PLM Interest Group
For those at the early stages of discovering and adopting PLM, the whole subject can seem like a big empty space.
The good news is that PLM does in fact have a structure, and there is a correct and effective way to guide your company through the process of PLM adoption.
Size Does Not Matter
PLM as a subject is the same for every trading organisation, from the smallest to the most massive. If you are an SME, you live within the business ecosystem - if you are a multinational, you largely control it - but PLM is still all about managing products across their lifecycles in the most effective way.
Your Business Does Matter
The embodiment of PLM - what it looks like in any given product-related business - is unique to the business concerned. This is why it can be so difficult for new PLM adopters to discover what PLM shape or structure will work for them.
The challenge for any PLM Manager, in any size of company, is first to establish what should be done in PLM; and then to work out how to do it. This is never a linear process, and the details are different for every organisation, but the tools that you need are set out below.
Elements of PLM Adoption
If you are not a genuine Small or Medium-Sized Enterprise (of less than 500 employees) then skip this section and move on.
However, if you are an SME, you need to read the PLM Handbook for SMEs before going any further.
There is a widespread misconception that SMEs need some form of stripped-down version of general PLM, which might be referred to as "PLM Lite". This is not true. The business drivers and internal mechanisms of an SME are completely different to those of a larger business, and the SME must apply PLM in this context.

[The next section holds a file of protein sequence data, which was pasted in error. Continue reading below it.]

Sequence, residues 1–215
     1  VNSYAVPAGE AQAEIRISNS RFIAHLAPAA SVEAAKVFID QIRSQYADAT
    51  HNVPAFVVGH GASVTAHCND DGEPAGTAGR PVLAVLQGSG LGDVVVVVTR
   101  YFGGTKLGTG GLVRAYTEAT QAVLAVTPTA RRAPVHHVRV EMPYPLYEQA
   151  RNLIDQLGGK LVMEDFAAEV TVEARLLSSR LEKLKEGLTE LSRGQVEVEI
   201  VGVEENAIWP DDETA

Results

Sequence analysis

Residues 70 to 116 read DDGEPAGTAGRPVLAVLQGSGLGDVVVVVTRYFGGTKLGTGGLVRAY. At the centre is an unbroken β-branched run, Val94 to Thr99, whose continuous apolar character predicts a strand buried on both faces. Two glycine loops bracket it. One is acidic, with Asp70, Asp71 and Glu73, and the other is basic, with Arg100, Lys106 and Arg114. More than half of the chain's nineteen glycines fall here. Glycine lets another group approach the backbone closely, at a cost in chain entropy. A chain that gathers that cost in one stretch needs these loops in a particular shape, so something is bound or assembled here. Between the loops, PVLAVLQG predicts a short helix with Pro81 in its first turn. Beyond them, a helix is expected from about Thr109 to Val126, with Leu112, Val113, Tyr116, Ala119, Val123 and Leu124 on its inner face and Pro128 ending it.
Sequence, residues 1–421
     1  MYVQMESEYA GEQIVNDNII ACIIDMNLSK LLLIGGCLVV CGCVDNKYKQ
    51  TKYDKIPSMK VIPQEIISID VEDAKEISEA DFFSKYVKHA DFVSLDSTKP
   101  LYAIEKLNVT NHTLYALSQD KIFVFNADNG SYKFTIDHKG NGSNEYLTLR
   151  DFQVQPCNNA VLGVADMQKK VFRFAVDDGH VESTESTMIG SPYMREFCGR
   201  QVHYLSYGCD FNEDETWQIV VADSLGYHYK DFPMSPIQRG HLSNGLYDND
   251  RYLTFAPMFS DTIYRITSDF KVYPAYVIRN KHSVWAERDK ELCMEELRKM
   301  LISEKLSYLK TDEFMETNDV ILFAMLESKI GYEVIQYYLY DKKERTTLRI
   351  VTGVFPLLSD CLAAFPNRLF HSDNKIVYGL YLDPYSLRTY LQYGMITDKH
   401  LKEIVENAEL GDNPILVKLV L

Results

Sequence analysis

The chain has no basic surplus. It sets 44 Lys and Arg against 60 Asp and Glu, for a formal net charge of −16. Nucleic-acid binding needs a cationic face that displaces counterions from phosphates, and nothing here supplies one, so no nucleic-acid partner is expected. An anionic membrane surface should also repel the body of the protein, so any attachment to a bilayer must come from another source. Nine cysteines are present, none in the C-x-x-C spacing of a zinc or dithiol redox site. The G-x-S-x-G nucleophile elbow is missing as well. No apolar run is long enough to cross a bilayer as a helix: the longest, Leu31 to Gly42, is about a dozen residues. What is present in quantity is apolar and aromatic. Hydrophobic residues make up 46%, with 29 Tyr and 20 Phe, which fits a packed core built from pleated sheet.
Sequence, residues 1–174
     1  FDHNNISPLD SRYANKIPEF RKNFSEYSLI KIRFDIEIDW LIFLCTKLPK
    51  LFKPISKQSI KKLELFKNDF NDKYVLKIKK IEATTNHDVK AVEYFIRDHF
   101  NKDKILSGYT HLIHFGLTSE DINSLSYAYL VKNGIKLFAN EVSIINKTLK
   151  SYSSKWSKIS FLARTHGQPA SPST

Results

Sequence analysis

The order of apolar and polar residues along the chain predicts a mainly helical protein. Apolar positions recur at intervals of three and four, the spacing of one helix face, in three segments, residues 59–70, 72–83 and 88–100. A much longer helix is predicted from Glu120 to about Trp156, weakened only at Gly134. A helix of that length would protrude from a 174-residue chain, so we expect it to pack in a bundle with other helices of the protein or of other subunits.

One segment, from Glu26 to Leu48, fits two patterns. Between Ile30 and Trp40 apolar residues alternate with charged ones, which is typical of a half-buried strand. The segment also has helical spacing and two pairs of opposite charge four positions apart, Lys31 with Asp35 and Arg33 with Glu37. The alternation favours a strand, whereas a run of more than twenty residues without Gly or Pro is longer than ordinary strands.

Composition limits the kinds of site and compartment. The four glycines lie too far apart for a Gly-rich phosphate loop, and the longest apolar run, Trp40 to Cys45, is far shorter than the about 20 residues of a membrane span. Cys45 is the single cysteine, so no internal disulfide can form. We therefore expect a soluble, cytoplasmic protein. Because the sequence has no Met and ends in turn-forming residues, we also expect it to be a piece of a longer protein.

The Handbook enables an SME to understand itself before it attempts to understand PLM.
In the early days of adoption, the PLM Team must work to make colleagues aware of PLM, and to explain what activities and internal support will be needed to make it happen. This often meets with resistance, lack of understanding, and vague timescales that keep moving into the distance.
It is much more effective to be able to say, with confidence: "Even though we are just starting out with PLM, we will have a system in place in two years from today."
The Path to PLM makes this possible, by providing a template plan for the adoption process that can be adapted to create the real project plan.
One of the most daunting tasks for the PLM Manager is to hold meetings with non-PLM colleagues to discuss the need for PLM, and its potential benefits.
This can be particularly difficult during the adoption stage, as it means presenting ideas that may still be vague or partially formed. The feedback may lack structure, and conclusions may be difficult to reach.
The PLMIG PLM Self-Assessment Toolkit has been created specifically for this purpose. It guides the user through preparing the starting information, running and recording the interview programme, and holding the Discussion Meeting. The Word format can then be edited to capture and present the findings.
Other tools and reference documents include:-
One of the primary aims of PLM adoption is to have a new PLM project justified and approved. This used to be extremely difficult, because many of the effects of PLM were seen to be qualitative, but now the Project Justification toolset can be used to generate a set of real, quantified metrics.
At the start of the project, a clear statement of financial benefits makes it much easier for the Board to sign off the approval. When the project has been completed, the clear metrics give the PLM Team proof that the implementation is working.
The PLM Interest Group provides all of the elements listed above within an interactive structure of guidance and feedback.
Companies at the earlier stages of PLM adoption can use the PLMIG framework to move optimally along the PLM development path and to follow PLM Best Practice as they do so.
Find Out More
More information is available via firstname.lastname@example.org.
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